A great deal of your child’s self-confidence stems from self-belief, which in turn stems from the belief you have in your child – what you think of him, how much you value him, and how secure he feels in his relationships.
1 / 10 Believe in himLoad more
2 / 10 Encourage social skillsLoad more
Social skills such as taking turns, sharing and following rules don’t come naturally to most children. These are essential skills that usually have to be learned through parental guidance and experience. As well as teaching him these at home, he acquires them spontaneously through mixing with his peers.
3 / 10 Explain mannersLoad more
Children who are polite and who recognise the rights of others typically cope very well in social situations with both children and adults. Explain to your child the importance of politeness, such as saying “please” and “thank you” at the appropriate times. He’ll soon start to notice the effect of good manners himself.
Related: Teach your toddler good manners
4 / 10 Involve him in family discussionsLoad more
For example, during mealtimes or when you are all together in the evening, these are good chances for him to learn how to take part in conversations, and contribute his ideas calmly and clearly. He’ll soon be able to transfer these skills to non-family discussions.
6 / 10 Take note of body languageLoad more
The way your child stands, holds his hands, and makes eye-contact with the person he speaks to is another component of social confidence. Suggest to him that he always looks at the other speaker, he faces them square-on, smiles, and stands upright.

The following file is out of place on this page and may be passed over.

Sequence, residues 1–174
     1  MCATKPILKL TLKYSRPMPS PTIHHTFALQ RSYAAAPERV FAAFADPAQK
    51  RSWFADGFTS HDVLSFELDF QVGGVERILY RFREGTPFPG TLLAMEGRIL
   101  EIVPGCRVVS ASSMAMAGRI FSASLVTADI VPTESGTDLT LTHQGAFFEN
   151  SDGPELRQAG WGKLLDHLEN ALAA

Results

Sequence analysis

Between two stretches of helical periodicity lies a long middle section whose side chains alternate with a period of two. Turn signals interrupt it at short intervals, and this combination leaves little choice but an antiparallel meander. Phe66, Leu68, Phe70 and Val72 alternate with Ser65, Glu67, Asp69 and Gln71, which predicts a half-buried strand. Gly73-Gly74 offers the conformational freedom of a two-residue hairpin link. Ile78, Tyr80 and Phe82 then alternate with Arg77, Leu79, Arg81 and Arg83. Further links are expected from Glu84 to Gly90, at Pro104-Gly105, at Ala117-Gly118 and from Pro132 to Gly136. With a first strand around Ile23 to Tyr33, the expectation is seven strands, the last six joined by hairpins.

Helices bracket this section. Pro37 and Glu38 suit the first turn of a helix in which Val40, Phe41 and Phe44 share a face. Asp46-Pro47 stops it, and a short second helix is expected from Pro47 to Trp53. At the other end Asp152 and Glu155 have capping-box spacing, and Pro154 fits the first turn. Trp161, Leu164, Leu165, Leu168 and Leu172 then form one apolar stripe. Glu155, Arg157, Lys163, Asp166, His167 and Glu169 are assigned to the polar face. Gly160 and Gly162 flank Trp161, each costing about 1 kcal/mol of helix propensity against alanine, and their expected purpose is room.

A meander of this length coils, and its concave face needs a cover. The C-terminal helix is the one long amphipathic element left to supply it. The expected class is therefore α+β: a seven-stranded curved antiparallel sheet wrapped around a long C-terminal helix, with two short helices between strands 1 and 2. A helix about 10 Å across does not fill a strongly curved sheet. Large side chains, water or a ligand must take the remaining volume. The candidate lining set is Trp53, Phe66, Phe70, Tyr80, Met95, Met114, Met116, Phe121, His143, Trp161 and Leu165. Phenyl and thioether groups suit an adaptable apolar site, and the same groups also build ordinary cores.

7 / 10 Ask his opinionLoad more
He may be young, but your child does have ideas of his own about most things. Asking him to tell you what he thinks gets him used to sharing his thoughts with others. The more he does this with you, the easier it becomes for him to chat confidently and smoothly with others.
8 / 10 Make small talkLoad more
For some kids, the most difficult part of any social encounter is the first few moments with another party, when he just can’t think of anything to say. You can increase his confidence by giving him ideas for “small talk”, such as asking the other child what her favourite toy is or what songs she likes.
9 / 10 Give him speech guidelinesLoad more
It’s not enough to tell your child how he shouldn’t speak. You also need to explain the style and type of language he should use. For example, point out that he should talk slowly and clearly, use full sentences rather than phrases, and listen to the other person’s comments, too.
10 / 10 Set a good example yourselfLoad more
He watches you closely and learns from you. So if you are socially confident and well-spoken, this provides a role model for him to copy in his own social interactions. Be prepared to answer any questions he might ask about what you said or the way you stood – that’s part of the process.